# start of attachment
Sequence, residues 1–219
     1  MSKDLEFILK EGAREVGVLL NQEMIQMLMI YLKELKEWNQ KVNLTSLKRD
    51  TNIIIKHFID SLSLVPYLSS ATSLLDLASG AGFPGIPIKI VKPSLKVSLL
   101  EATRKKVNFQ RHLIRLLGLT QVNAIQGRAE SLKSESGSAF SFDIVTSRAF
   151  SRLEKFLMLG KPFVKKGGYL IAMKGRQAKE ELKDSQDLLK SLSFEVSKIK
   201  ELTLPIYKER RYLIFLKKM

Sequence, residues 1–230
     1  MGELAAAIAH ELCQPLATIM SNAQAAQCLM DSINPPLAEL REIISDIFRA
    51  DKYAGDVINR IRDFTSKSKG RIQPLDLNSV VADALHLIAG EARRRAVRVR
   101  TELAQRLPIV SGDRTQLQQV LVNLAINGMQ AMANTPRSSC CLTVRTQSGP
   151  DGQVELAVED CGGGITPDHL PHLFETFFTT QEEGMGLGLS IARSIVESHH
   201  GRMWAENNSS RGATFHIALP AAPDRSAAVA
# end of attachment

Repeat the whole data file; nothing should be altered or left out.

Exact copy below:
Sequence, residues 1–219
     1  MSKDLEFILK EGAREVGVLL NQEMIQMLMI YLKELKEWNQ KVNLTSLKRD
    51  TNIIIKHFID SLSLVPYLSS ATSLLDLASG AGFPGIPIKI VKPSLKVSLL
   101  EATRKKVNFQ RHLIRLLGLT QVNAIQGRAE SLKSESGSAF SFDIVTSRAF
   151  SRLEKFLMLG KPFVKKGGYL IAMKGRQAKE ELKDSQDLLK SLSFEVSKIK
   201  ELTLPIYKER RYLIFLKKM

Sequence, residues 1–230
     1  MGELAAAIAH ELCQPLATIM SNAQAAQCLM DSINPPLAEL REIISDIFRA
    51  DKYAGDVINR IRDFTSKSKG RIQPLDLNSV VADALHLIAG EARRRAVRVR
   101  TELAQRLPIV SGDRTQLQQV LVNLAINGMQ AMANTPRSSC CLTVRTQSGP
   151  DGQVELAVED CGGGITPDHL PHLFETFFTT QEEGMGLGLS IARSIVESHH
   201  GRMWAENNSS RGATFHIALP AAPDRSAAVA